The Ohio Senate recognized Farm Credit System members that serve Ohio farmers, agribusiness and rural homeowners with a resolution honoring and recognizing the 100th anniversary of the signing of the Federal Farm Loan Act of 1916 on May 25.
The legislation set the stage for the first Farm Credit system.
“Today, the more than 75 Farm Credit associations located throughout the country — which includes AgCredit and Farm Credit Mid-America — continue to function in a very similar manner,” said Brian Ricker, AgCredit CEO and president. “Agricultural and political leadership that helped create the System should indeed be praised for their intuition, as well as various changes that have been made since 1916 that have allowed Farm Credit System members to better serve their customers who are also their member borrowers.”
State Senator Cliff Hite (R-Findlay) presented leaders representing AgCredit, which serves 18 counties in northwest and northern Ohio, and Farm Credit Mid-America, which serves 79 counties, with the resolution. Joining Senator Hite in co-sponsoring the resolution were state senators Keith Faber (R-Celina), Kevin Bacon (R-Columbus), Bob Hackett (R-London), Bob Peterson (R-Washington Court House), David Burke (R-Marysville) and Randy Gardner (R-Bowling Green).
The Senate resolution — as well as a proclamation from the Director of the Ohio Department of Agriculture — praised the Federal Farm Loan Act of 1916 for creating the Farm Credit System, which has served as a means for rural communities and agricultural producers to obtain financing. The resolution and proclamation also applauded and commended those associated with the passage of the Act for their foresight.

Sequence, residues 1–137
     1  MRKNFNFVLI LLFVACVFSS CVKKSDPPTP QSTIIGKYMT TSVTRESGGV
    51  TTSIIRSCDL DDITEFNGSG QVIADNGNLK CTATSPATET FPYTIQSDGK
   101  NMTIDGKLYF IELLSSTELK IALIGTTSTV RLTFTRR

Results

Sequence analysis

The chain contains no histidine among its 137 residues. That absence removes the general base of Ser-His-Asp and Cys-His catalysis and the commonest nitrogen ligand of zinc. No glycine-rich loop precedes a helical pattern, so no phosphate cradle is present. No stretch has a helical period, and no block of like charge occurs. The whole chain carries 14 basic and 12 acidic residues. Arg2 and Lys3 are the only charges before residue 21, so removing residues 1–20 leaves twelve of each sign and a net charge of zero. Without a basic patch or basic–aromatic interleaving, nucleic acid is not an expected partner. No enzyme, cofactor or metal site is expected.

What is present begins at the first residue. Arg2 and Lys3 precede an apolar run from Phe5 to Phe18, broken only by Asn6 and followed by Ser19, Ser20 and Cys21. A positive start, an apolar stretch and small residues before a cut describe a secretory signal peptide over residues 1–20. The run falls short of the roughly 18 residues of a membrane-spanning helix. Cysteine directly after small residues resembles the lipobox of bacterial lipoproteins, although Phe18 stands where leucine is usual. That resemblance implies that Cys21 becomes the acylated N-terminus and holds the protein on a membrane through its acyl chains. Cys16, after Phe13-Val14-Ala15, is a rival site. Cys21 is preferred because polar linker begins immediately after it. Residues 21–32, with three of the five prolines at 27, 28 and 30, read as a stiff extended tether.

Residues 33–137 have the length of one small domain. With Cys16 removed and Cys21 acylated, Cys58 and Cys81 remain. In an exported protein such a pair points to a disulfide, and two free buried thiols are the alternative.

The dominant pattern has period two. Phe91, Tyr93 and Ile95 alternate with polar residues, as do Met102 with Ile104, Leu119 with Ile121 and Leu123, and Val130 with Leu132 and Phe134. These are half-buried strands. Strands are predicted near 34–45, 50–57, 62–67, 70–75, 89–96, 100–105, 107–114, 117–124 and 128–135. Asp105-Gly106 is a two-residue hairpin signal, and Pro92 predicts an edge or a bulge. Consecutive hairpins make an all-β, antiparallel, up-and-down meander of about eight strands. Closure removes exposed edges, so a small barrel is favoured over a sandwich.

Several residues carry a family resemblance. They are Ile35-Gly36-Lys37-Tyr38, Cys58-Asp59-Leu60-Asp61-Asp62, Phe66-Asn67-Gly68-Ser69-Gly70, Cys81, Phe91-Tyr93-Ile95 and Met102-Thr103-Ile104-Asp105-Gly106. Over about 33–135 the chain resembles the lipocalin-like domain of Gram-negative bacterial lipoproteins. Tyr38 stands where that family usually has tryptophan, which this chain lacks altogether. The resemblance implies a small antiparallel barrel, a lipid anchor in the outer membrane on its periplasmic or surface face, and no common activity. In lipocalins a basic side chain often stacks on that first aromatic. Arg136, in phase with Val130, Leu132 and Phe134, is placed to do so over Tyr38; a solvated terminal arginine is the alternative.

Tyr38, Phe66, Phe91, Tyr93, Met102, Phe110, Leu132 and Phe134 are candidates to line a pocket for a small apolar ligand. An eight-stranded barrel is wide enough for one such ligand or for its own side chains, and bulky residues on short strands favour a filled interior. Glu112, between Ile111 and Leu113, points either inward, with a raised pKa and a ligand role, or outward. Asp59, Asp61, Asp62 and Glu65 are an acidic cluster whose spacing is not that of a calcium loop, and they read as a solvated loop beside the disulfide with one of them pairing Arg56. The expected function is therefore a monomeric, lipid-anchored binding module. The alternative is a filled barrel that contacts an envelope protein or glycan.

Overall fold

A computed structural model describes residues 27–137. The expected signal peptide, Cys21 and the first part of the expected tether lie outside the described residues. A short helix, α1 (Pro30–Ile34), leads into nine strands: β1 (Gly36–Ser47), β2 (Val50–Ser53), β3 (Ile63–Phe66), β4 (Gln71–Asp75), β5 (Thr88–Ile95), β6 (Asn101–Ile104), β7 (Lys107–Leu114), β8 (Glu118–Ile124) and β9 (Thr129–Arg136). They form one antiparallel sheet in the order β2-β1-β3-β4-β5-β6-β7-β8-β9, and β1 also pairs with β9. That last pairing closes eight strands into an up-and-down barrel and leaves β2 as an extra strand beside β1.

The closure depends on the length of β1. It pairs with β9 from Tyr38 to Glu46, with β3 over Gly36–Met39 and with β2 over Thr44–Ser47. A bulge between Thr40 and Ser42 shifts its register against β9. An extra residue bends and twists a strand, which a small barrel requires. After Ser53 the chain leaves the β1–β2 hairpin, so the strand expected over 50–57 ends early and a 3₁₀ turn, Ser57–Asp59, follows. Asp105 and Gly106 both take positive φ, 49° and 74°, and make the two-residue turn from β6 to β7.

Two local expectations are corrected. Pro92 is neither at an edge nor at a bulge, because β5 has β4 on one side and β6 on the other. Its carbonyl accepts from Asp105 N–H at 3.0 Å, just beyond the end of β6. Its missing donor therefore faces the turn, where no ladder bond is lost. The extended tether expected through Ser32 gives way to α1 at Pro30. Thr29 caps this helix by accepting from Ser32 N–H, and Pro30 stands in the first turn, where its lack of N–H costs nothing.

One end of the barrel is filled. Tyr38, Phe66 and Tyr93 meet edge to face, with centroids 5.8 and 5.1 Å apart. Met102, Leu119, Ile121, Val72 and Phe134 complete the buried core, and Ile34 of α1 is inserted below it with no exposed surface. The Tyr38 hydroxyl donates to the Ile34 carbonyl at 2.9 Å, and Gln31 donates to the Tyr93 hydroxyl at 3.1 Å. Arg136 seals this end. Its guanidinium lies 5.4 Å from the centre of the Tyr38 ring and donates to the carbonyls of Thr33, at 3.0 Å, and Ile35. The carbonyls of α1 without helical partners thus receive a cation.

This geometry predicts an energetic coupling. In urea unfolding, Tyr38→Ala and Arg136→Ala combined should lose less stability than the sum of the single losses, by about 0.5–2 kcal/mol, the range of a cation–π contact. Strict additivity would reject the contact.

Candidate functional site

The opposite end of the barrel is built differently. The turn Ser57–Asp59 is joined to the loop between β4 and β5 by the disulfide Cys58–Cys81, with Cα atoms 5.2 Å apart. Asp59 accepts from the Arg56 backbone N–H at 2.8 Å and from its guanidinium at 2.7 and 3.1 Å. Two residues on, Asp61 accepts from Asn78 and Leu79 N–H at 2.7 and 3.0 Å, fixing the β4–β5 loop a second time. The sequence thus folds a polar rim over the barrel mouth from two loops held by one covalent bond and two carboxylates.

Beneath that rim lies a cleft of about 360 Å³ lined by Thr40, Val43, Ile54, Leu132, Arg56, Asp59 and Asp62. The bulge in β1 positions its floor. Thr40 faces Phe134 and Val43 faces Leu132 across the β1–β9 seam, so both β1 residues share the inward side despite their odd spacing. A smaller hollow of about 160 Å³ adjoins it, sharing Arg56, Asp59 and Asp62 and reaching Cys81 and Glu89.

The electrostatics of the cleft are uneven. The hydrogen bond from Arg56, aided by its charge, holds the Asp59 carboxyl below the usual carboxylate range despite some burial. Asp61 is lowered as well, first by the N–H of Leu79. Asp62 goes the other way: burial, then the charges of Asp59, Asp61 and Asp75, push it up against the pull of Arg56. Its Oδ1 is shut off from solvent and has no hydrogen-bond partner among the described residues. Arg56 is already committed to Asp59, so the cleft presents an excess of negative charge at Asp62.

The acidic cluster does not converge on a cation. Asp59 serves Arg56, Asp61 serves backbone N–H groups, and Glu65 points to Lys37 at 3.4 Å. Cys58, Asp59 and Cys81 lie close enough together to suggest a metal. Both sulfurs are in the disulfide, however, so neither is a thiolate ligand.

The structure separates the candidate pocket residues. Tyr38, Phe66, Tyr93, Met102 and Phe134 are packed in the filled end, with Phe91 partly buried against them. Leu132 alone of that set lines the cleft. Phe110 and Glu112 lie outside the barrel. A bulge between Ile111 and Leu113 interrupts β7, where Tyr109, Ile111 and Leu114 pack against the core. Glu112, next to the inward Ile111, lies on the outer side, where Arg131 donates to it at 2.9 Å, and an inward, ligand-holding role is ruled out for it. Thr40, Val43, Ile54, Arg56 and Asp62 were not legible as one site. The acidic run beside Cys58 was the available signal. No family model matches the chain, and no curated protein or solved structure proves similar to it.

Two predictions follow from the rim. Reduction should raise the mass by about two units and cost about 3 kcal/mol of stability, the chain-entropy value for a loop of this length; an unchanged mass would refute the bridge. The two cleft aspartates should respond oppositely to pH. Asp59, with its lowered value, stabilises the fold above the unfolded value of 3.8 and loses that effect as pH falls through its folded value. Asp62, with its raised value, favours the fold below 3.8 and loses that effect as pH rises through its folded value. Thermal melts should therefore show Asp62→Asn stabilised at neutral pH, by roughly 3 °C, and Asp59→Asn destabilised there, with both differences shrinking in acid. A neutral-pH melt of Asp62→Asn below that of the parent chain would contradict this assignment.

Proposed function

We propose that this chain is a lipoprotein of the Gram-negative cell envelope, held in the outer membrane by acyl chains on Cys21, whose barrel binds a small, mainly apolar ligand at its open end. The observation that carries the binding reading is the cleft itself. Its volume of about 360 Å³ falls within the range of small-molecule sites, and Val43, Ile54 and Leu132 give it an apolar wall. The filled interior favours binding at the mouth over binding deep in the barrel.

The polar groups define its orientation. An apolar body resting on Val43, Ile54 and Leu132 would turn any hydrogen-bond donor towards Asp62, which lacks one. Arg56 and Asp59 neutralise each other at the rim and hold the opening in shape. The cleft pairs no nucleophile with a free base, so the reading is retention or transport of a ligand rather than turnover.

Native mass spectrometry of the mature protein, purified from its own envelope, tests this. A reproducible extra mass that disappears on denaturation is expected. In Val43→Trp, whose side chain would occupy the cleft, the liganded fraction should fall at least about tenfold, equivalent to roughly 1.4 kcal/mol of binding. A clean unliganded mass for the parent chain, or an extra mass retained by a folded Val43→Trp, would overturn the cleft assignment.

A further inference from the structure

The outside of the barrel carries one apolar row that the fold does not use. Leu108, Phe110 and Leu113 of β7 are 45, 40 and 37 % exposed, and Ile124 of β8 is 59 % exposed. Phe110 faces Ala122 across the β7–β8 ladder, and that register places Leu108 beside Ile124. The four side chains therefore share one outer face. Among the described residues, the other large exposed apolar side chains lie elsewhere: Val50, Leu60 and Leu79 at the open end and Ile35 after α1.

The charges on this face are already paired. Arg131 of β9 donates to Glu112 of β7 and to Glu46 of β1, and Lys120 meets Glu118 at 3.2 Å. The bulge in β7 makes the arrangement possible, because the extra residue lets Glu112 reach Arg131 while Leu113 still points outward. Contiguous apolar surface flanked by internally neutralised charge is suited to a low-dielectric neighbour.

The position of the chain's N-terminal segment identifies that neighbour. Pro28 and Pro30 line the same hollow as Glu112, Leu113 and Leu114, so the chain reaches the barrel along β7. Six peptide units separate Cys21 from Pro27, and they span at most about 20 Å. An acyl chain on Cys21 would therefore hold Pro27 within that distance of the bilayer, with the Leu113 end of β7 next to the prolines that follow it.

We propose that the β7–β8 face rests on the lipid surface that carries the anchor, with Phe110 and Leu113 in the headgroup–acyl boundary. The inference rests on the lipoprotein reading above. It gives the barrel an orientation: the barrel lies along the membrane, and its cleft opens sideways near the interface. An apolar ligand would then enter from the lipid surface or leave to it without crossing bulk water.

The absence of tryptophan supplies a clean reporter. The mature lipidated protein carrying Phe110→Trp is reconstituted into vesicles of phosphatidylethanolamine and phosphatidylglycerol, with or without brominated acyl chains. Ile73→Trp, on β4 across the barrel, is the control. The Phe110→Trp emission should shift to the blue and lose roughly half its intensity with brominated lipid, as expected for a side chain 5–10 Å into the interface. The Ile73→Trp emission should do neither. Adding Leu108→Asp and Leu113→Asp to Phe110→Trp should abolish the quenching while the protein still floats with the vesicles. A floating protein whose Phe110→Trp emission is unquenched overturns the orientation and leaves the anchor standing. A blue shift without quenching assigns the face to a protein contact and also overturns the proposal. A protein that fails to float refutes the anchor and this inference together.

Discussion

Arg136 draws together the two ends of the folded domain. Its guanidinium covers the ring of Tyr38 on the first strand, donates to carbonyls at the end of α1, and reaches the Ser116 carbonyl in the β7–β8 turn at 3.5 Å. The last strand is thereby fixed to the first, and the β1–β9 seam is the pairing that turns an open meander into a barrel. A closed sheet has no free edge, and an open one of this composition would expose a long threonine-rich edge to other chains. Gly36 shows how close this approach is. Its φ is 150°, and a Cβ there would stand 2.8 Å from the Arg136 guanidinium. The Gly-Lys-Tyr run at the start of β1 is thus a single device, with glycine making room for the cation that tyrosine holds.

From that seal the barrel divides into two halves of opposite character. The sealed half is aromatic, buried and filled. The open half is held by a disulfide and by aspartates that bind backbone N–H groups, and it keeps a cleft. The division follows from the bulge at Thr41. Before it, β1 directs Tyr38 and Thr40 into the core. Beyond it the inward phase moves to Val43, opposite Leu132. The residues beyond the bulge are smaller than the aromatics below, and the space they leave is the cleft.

Congress designed the Farm Credit System, created through the original Act, as a network of cooperatives, independently owned and controlled by their borrowers, responsive to their individual needs for credit and financial services and continually adapting to meet the changing needs of rural communities and agriculture.
The Act was originally passed by Congress and signed into law by President Woodrow Wilson to address problems farmers were having in obtaining loans from banks to purchase farmland. In the midst of the Great Depression the Farm Credit System was expanded through the Farm Credit Act of 1933 that addressed challenges farmers were facing in obtaining short-term loans timed to agricultural cycles (operating loans). These two respective Acts of Congress created what were originally known as federal land banks and production credit associations.
Through the various services they provide to farmers, agribusiness and rural homeowners, the combination of AgCredit and Farm Credit Mid-America currently provide more than $7 billion in loans to more than 34,000 customers in Ohio.